Which psychological attributes separate true champions from those athletes that are merely ‘good’ and how can athletes leverage these for performance? MORE
Coping with pain and emotion: do you have what it takes?
Lee Crust explains how athletes can develop higher levels of mental toughness, to cope with adversity when the going gets difficult
There are certain moments during competition that appear to carry great psychological significance, when the momentum starts to shift in one direction or another. These situations require athletes to remain completely focused and calm in the face of difficult circumstances. Tennis players talk of the ‘big’ points during a tight match, such as a fleeting chance to break serve; for an athlete, it could be the final triple-jump in the competition after seriously under-performing; for a footballer, it could be how you react to a perceived bad refereeing decision or to going behind in a match your team are expected to win. Think about times when things have not gone quite to plan and how you reacted. The journey towards peak performance is rarely a perfectly smooth road and we learn from our mistakes – or should do. Do setbacks shake your self-belief and lower your motivation or act as a catalyst for even greater effort?
Most top athletes and coaches believe that psychological factors play as crucial a role as physical attributes and learned skills in the make-up of champions. When physical skills are evenly matched – as they tend to be in competitive sport – the competitor with greater control over his or her mind will usually emerge as the victor. Mental strength is not going to compensate for lack of skill, but in close contests it can make the difference between winning and losing.
A key question for sport and exercise psychologists is whether champions have simply inherited the dominant psychological traits necessary for success or whether mental toughness can be acquired through training and experience. Recent research has attempted to explore the concept of mental toughness in sport more thoroughly, and it appears that, while some people are naturally more tough-minded than others, people can be ‘toughened-up’ with the correct approach to training (2).
What do we mean by mental toughness? It is probably easiest to define in terms of how it affects behaviour and performance. A mentally tough athlete is likely to:
- achieve relatively consistent performances regardless of situational factors;
- retain a confident, positive, optimistic outlook, even when things are not going well, and not ‘choke’ under pressure;
- deal with distractions without letting them interfere with optimal focus;
- tolerate pain and discomfort;
- remain persistent when the ‘going gets tough’;
- have the resilience to bounce back from disappointments.
The influence of personality
These characteristics are obviously related to success in most life situations. But it seems that some of us may be tougher than others because of personality traits and learned ways of coping.
Personality research has always stirred up controversy – usually because researchers have not been able to agree on the correct approach to studying it. Some have taken what is known as the ‘trait’ approach, which views personality as stable and enduring, based on individual characteristics. However, others see personality as shaped by environmental influences, while ‘interactionists’ view individual traits and the environment as codeterminants of behaviour. In recent times, this latter position has tended to predominate, based on the view that personality structure involves both a stable core of attitudes, values and beliefs about self, that remains relatively unchanged after early childhood, and more changeable, dynamic behaviours that are influenced by our environment.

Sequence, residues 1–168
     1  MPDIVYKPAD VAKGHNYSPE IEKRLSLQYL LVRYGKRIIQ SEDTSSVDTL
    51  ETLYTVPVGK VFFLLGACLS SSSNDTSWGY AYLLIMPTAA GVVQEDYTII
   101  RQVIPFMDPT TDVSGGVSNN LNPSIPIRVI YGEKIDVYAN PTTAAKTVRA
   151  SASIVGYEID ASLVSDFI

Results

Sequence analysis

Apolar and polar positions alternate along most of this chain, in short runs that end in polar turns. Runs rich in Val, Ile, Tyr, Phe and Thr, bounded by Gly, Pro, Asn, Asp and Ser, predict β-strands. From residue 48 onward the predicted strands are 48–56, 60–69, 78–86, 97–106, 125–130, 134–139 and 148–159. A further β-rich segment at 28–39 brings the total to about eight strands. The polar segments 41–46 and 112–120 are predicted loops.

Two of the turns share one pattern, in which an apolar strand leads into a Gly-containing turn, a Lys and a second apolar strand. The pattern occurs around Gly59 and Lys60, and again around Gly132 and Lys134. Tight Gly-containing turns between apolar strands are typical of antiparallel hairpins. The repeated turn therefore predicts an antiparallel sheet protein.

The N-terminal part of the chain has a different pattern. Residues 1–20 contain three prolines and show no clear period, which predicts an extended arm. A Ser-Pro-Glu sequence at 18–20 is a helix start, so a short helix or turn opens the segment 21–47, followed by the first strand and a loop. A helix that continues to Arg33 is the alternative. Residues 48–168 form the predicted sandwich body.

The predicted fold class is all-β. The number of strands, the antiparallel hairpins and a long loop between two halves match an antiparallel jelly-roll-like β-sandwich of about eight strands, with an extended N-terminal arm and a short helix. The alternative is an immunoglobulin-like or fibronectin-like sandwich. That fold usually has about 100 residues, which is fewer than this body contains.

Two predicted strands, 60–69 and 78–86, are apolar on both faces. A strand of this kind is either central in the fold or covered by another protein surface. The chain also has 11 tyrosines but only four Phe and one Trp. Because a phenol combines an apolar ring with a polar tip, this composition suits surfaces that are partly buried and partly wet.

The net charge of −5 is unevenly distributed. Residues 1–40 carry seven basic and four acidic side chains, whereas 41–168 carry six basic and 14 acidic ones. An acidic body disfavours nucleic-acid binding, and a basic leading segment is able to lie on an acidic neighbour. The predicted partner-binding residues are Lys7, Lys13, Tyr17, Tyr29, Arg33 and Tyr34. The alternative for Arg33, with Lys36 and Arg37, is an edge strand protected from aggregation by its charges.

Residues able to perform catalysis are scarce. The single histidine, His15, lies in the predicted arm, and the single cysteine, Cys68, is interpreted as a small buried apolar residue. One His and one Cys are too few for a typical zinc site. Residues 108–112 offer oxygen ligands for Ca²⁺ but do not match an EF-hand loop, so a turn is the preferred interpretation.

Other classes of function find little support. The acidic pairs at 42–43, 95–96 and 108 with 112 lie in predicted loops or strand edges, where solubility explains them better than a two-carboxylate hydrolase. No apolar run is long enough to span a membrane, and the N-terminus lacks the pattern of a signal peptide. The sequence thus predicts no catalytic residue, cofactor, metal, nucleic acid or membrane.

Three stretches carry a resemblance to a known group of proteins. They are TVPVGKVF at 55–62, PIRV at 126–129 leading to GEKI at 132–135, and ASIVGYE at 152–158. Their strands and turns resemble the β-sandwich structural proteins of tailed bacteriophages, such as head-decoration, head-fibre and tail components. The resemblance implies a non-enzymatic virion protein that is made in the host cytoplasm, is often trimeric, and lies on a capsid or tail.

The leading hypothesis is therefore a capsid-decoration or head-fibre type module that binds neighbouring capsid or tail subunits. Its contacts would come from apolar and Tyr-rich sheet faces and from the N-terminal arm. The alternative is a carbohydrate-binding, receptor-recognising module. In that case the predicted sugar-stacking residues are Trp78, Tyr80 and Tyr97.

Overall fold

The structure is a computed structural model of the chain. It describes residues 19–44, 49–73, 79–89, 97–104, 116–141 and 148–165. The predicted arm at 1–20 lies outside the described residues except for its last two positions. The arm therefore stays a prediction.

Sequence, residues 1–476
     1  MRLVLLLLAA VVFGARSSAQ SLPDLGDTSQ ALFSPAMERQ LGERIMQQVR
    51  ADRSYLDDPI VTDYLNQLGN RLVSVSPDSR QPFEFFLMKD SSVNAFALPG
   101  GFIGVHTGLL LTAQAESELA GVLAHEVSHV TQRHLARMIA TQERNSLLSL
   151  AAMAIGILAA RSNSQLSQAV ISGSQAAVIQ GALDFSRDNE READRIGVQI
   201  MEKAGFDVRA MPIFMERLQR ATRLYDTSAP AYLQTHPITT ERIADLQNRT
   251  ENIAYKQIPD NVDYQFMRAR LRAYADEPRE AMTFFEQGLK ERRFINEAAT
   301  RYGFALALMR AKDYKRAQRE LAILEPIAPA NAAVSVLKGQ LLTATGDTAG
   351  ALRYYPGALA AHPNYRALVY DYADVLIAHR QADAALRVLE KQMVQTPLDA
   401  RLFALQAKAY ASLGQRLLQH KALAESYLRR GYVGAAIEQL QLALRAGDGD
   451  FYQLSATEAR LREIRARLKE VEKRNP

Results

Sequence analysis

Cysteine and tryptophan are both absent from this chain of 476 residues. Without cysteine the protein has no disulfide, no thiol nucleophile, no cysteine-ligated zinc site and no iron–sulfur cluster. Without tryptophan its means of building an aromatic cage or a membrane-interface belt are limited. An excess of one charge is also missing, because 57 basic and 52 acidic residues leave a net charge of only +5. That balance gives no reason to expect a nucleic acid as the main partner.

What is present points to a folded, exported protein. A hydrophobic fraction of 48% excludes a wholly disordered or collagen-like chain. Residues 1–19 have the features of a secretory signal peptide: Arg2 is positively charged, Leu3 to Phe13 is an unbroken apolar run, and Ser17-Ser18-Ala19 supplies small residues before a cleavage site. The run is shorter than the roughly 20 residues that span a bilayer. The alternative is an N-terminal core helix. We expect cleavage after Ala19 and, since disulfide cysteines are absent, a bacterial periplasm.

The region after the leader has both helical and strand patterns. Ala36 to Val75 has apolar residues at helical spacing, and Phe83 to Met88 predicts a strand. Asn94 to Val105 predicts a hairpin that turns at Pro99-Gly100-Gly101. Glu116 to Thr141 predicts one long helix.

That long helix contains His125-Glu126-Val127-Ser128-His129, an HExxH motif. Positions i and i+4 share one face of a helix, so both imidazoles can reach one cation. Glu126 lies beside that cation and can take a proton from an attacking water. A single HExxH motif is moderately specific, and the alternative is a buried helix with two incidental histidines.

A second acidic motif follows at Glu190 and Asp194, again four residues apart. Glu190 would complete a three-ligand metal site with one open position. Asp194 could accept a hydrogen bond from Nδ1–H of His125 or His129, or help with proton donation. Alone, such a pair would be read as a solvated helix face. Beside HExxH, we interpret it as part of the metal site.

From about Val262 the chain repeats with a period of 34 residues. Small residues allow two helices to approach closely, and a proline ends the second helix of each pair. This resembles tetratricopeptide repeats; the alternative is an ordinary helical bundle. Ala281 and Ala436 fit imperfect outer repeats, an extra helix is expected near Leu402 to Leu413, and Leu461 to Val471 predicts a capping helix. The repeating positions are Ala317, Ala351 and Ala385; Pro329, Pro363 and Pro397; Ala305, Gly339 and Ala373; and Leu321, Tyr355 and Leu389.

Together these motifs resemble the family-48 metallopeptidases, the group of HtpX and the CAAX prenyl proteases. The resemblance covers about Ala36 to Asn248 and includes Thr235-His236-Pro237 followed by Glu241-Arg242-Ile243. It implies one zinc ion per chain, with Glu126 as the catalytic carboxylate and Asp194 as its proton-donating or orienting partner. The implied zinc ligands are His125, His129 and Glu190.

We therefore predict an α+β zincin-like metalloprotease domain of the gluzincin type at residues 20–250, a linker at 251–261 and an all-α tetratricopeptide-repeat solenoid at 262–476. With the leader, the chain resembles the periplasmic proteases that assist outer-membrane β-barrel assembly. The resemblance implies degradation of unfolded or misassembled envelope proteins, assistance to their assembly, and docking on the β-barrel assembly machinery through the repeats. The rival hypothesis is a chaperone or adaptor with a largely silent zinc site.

Research on the relationship between stress and illness has revealed that some people have characteristics that act as buffers against stressors, making them less likely to succumb to ill health in difficult times. The leading researcher Suzanne Kobasa showed in one study that a personality characteristic known as ‘hardiness’ was a key factor in whether or not highly-stressed executives succumbed to illness. The hardy executives, who avoided illness, tended to perceive stressors as ‘challenges’ rather than threats, so maintaining a sense of control over events (3).
Kobasa suggested that hardiness incorporates three key elements:
- Control – the perceived ability of the individual to exert influence rather than experience helplessness;
- Commitment – ie a refusal to give up easily;
- Challenge – involving a person’s ability to grow and develop rather than remain static, and to view change rather than stability as the norm.
Until recently, few studies had attempted to transfer the concept of hardiness to sport and exercise settings, but it seems very similar to the idea of mental toughness outlined earlier in this article. One study on the relationship between hardiness and performance in basketball showed that seven out of eight season-long performance indicators were significantly correlated with a total hardiness score (4). This finding needs to be interpreted with caution, however, since correlations do not necessarily reflect causation.
More recently, a team of researchers at Hull University have taken the idea of hardiness a step further by proposing a model of mental toughness in sport(2). A key development has been the development of a questionnaire to assess mental toughness that can be used to assess its influence in experimental studies.
The Hull researchers carried out two studies to show how mental toughness was related to performance and cognitive appraisal. In the first study, 23 volunteers performed 30-minute static cycling trials at three different intensities of 30, 50 and 70% of their maximum oxygen uptake, rating the physical demands of the trials at five-minute intervals.